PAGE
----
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Orienting Your Managers for Success

Wednesday, November 6, 2019
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A manager can literally make or break a direct report’s engagement and success on the job. So, for effective employees, make sure your managers are given the knowledge, tools, and resources to do their jobs well. And this starts on day one.

Developing New Managers: Key Elements for Success, an ATD research report, found that new managers don't appear to be getting the support they need when they need it. Specifically, the report revealed that most organizations delay training for new managers until after they've already begun managing.

Given managers’ unique role in their organizations, they need orientation to be successful. Talent development professionals can use the ADDIE model (or a similar model that they’re comfortable with) to create a manager orientation program. In “Orient Managers for Career Success,” Sharlyn Lauby explains how.

Laying the Groundwork for Manager Orientation (or the Analysis Part)

Management can mean different things in different organizations. Do managers have a budget, for example? Or are they leads on multiple projects? In your organization, does managerial mean having direct reports? It’s critical for the talent development team to understand this when the team is designing the manager orientation program.

Solicit input from an array of relevant parties—leaders, managers, direct reports—across the organization to find out the words that come to mind for them when they hear “manager.” Once you’ve come up with a definition, ensure that job descriptions match those expectations and beliefs about the manager role.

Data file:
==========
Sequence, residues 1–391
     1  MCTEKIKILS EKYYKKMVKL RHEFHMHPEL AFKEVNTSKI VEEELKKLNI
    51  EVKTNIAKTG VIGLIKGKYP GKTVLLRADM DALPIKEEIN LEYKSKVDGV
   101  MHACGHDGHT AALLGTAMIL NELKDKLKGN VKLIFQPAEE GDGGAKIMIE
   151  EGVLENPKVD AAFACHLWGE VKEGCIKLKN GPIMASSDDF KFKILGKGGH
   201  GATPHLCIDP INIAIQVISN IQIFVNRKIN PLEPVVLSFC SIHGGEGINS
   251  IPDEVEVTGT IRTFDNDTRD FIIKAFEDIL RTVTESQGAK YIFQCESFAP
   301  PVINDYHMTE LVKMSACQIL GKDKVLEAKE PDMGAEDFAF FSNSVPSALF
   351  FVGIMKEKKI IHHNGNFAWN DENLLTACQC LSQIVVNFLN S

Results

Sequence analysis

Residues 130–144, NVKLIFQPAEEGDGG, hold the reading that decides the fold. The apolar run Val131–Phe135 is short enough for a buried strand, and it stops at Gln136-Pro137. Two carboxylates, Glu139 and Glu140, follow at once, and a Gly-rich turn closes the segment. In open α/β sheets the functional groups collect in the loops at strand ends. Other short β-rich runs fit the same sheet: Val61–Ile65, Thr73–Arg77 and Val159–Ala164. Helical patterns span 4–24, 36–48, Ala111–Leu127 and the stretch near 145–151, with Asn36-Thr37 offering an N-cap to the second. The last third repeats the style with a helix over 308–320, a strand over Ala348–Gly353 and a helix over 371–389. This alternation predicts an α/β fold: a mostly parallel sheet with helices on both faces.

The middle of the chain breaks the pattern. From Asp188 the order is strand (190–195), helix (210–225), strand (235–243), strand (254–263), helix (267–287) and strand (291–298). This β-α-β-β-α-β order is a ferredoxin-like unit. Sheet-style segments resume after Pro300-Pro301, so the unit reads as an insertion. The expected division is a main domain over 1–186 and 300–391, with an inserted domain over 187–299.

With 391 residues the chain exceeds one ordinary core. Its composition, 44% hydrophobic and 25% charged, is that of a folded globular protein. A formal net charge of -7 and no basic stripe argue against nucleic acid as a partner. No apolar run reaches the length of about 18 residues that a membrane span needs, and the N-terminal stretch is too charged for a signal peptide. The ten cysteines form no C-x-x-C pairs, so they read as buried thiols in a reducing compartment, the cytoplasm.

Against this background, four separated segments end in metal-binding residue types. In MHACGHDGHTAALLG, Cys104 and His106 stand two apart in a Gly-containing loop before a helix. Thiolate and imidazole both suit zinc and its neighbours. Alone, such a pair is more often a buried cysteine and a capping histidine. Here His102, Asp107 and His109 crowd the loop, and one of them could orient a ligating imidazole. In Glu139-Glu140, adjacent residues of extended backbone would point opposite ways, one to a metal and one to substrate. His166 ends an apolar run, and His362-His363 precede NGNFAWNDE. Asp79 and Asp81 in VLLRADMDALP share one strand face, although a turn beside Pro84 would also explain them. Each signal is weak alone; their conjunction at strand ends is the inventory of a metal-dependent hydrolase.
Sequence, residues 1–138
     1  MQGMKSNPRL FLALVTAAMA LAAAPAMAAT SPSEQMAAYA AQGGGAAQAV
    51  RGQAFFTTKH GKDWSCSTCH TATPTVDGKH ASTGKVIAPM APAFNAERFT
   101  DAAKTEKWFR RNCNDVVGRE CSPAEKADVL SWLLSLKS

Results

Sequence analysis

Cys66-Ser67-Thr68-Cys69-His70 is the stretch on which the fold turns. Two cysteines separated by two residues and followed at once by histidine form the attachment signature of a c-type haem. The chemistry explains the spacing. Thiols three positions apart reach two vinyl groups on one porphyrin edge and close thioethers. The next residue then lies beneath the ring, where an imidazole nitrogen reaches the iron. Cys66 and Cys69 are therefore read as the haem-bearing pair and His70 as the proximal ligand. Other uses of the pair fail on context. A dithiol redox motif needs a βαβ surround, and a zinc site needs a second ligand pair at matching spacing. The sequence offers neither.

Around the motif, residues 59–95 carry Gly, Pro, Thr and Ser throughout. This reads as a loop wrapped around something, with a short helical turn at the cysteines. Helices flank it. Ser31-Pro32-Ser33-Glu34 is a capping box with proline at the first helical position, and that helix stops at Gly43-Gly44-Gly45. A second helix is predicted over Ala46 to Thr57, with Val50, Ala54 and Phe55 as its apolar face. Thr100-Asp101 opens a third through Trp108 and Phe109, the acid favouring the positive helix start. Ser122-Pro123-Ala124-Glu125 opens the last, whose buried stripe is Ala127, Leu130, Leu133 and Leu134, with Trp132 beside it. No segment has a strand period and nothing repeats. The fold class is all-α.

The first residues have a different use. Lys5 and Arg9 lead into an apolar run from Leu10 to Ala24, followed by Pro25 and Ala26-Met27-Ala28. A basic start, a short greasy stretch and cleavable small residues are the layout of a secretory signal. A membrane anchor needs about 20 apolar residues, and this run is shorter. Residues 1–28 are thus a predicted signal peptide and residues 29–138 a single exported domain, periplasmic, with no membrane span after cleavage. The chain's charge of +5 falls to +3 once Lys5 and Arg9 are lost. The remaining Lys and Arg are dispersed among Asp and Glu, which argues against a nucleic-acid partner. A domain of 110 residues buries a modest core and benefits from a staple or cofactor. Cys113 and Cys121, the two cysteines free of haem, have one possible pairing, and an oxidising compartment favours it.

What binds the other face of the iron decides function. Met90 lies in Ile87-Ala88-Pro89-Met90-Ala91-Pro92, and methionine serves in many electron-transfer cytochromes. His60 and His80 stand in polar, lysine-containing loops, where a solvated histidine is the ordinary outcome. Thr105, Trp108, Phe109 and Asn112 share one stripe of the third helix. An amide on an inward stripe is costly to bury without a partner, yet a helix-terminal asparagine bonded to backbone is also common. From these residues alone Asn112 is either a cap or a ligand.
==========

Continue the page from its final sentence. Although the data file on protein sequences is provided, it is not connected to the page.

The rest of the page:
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Designing the Manager Orientation Program (the Design and Development Part)

Once you understand managers, you can begin to design the manager orientation program. As a talent development professional, especially if you’re in HR, use the program as an opportunity to begin to develop a relationship built upon trust with your managers.

During the program, talent development professionals should remember to relay to new managers how the program will help them in their new role—the “what’s in it for me.” Use adult learning principles to bring real-life examples—such as organizational-specific challenges or team culture dynamics—into the program. And, to meet different learners where they are to make the training engaging, use varying delivery methods.

The manager orientation program is a good opportunity to introduce new managers to how they fit into the organization. For example, managers may be considered agents of the organization, so their actions can place the company at legal risk. While all employees should focus on delivering customer service, those expectations are even greater for managers.

Implementing and Evaluating the Program

As with other new development initiatives, it’s important for TD pros to pilot their new manager orientation program. You may pilot the content with managers who have been onboard for a few years. This group of individuals can tell you if the content you’re delivering is relevant, if it aligns with culture, and if it’s actually “how things are done here.” Further, these managers can become ambassadors of the program, sharing with incoming managers the relevance of the program and how the program will set this incoming group of managers up for success.

One final tip that Lauby provides: Make sure you revisit your manager orientation program as the organization grows and changes. That way, you’ll continue to provide the right content in the way that managers need so they can be successful.

About the Author

Patty Gaul is a senior writer/editor for the Association for Talent Development (ATD).

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